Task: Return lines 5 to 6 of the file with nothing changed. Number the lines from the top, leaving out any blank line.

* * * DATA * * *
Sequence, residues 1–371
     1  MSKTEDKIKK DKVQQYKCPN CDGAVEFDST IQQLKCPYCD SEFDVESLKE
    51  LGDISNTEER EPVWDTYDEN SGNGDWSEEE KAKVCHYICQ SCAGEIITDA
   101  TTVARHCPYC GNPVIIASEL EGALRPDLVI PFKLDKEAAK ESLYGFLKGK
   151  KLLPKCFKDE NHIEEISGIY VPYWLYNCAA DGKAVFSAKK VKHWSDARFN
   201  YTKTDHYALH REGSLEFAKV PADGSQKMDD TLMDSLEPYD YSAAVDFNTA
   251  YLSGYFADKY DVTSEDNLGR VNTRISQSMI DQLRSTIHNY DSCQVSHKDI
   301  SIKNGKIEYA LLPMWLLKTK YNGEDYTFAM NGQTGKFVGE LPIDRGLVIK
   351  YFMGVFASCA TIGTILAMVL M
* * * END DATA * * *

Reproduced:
   151  KLLPKCFKDE NHIEEISGIY VPYWLYNCAA DGKAVFSAKK VKHWSDARFN
   201  YTKTDHYALH REGSLEFAKV PADGSQKMDD TLMDSLEPYD YSAAVDFNTA